Militarization and Demilitarization in El Salvador’s Transition to Democracy (Pitt Latin American Series) (Paperback)

By Philip Williams, Knut Walter

University of Pittsburgh Press, 9780822956464, 256pp.

Publication Date: October 30, 1997

List Price: 32.95*
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With the resignation of General Renee Emilio Ponce in March 1993, the Salvadorian army’s sixty-year domination of El Salvador came to an end.  The country’s January 1992 peace accords stripped the military of the power it once enjoyed, placing many areas under civilian rule.  Establishing civilian control during the transition to democracy was no easy task, especially for a country that had never experienced even a brief period of democracy in its history.

Phillip J. Williams and Knut Walter argue that prolonged military rule produced powerful obstacles that limited the possibilities for demilitarization in the wake of the peace accords.  The failure of the accords to address several key aspects of the military’s political power had important implications for the democratic transition and for future civil-military relations.

Drawing on an impressive array of primary source materials and interviews, this book will be valuable to students, scholars, and policy makers concerned with civil-military relations, democratic transitions, and the peace process in Central America.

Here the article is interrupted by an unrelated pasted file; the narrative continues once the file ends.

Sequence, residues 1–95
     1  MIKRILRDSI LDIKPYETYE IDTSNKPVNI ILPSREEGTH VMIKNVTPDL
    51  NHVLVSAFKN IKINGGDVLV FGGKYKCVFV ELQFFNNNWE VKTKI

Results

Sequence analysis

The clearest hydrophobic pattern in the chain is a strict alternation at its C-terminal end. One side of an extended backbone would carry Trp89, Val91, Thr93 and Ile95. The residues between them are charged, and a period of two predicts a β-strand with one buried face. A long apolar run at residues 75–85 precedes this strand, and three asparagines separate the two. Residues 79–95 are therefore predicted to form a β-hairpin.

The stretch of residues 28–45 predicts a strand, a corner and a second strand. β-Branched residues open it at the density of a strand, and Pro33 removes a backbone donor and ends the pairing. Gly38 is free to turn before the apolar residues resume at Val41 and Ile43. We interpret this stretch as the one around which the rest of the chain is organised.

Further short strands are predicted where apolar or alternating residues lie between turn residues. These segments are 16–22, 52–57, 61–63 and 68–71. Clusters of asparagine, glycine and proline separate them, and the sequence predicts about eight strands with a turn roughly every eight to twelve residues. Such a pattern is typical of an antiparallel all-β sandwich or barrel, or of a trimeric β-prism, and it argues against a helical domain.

Praise For Militarization and Demilitarization in El Salvador’s Transition to Democracy (Pitt Latin American Series)

“Besides the larger interpretation of the Salvadoran military and its theoretical contributions, the book also contains significant empirical contributions. These include the provision of new materials for understanding the military’s nationalist, modernizing, and reformist ideology and discourse, especially during the 1950s and 1960s. . . . Anyone interested in twentieth-century Salvadoran politics and history should read this book. Students of political transitions involving the demobilization of revolutionary armies and authoritarian military establishments will also find many useful insights in this work.”
—Journal of Developing Areas